A network formed by Gaia and global allies to explore the philosophy and practice of recognising Earth as the primary source of law, for the wellbeing of the whole Earth Community. Beginning in 1999, Gaia facilitated a series of dialogues with Thomas Berry and some outstanding visionaries and advocates from Africa, North and South America, Asia and Europe, leading to the development of a number of global learning centres for Earth Jurisprudence.
Seed and Food Sovereignty: United Kingdom.
The first broad-based coalition of UK civil society groups against genetic engineering and patents on life, was initially hosted by Gaia. The call for a moratorium on genetic engineering and patents on life (‘Five-Year Freeze’ campaign), was echoed with similar anti-GMO campaigns led by African partners and allies. The campaign continues independently to this day.
Seed and Food Sovereignty: Pan-African
A regional network of individuals and organisations pioneering African-led responses to protect the continent’s biodiversity and promote the rich diversity of cultures that care for Nature. ABN, of which Gaia is a founding member, connects the dots between culture, seed and knowledge, to protect Africa’s cultural and natural heritage and support resilient local communities.
Beyond Extractivism: Global.
A global solidarity network of with more than 70 member networks, communities and organisations dedicated to supporting the rights of communities opposing mining and seeking alternatives to extractive ‘development’. Gaia is a founding member.
• Frontline communities directly supported to strengthen their campaigns in Myanmar, Finland, Colombia, Galicia, Philippines, Mongolia, Ecuador, Papua New Guinea etc.
• 8 community-activist exchanges, bringing together 900+ people to build new regional and national movements.
• 15,000+ copies of informational materials on mining and community organising distributed globally in more than 7 languages.
Earth Jurisprudence: Pan-African.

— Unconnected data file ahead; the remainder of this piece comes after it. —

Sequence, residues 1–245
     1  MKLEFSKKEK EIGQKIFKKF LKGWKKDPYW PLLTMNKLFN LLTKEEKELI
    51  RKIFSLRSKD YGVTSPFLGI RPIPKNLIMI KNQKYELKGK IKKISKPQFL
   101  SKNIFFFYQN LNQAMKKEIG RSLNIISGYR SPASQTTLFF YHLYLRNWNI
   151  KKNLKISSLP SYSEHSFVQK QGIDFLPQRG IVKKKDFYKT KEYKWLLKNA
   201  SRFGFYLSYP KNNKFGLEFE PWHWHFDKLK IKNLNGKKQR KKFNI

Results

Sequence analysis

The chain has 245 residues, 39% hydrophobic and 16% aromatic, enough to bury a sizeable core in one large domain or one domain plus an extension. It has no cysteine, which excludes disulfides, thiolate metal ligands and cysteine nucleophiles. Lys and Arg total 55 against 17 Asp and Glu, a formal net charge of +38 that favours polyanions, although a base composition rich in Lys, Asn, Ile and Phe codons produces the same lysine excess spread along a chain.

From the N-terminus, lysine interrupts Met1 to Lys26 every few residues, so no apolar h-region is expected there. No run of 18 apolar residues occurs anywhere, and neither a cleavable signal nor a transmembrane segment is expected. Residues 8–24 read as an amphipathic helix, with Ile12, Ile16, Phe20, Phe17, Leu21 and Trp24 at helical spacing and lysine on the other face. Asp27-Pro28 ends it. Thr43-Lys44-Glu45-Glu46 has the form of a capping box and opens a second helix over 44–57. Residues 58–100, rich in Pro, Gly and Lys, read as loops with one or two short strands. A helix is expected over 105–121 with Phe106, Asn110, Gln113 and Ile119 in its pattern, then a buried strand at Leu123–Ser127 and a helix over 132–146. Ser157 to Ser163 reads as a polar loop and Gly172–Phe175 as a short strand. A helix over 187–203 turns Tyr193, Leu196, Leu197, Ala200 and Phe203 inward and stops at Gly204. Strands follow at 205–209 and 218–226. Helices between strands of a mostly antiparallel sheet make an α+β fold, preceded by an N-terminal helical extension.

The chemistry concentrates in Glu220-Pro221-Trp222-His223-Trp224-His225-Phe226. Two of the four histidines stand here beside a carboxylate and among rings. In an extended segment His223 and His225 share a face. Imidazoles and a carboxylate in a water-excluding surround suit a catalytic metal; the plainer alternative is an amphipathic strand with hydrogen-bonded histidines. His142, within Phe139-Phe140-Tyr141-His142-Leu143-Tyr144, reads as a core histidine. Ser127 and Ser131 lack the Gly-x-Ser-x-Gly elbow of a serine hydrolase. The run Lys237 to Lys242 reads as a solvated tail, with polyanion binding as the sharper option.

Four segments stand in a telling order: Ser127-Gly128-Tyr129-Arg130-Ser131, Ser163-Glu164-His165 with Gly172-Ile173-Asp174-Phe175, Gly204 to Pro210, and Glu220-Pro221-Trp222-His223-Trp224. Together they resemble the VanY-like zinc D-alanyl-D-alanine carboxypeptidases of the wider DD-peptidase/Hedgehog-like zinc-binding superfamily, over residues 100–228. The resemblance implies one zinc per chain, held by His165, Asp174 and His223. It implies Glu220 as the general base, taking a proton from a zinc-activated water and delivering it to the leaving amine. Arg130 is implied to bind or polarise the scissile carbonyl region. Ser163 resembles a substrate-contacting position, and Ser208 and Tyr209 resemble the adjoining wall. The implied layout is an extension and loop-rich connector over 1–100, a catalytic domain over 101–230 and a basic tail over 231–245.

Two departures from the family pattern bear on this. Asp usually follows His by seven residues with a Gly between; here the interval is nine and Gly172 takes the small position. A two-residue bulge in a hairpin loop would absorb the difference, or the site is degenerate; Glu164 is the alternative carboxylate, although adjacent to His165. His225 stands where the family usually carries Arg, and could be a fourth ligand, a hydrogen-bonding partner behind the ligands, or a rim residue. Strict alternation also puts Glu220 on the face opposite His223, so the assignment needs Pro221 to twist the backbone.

A growing network of African civil society leaders promoting Earth Jurisprudence (EJ) in Eastern, Western and Southern Africa. Through community dialogues, trainings from Gaia and collaborative policy engagement, EJ practitioners are growing awareness of nature’s rights and supporting local communities to protect and restore sacred natural sites and territories.
Seed and Food Sovereignty: United Kingdom and Ireland.
A dynamic programme working with farmers, seed producers and partners across the seed sector, to train growers, conserve threatened and heritage seed varieties, and widening access to agro-ecological seed across the UK and Ireland. The programme is hosted by Gaia.
Seed and Food Sovereignty: Global.
A creative communications and advocacy initiative led by Gaia, with images from world-renowned photographers celebrating the small-scale, family farmers who produce 70% of our food. We Feed the World brought together a new alliance of artists, farmers and fisher people to reach millions worldwide with their stories.
We live in a time of multiple, complex crises. There are no easy answers. Working to uphold the health and diversity of our living planet is always rewarding, but we think you’ll agree it can sometimes feel like swimming against the stream. And yet like salmon we leap, and more often than you might expect, we make it. We invite you to make the next leap with us by making a donation of any size. Thank you for your solidarity.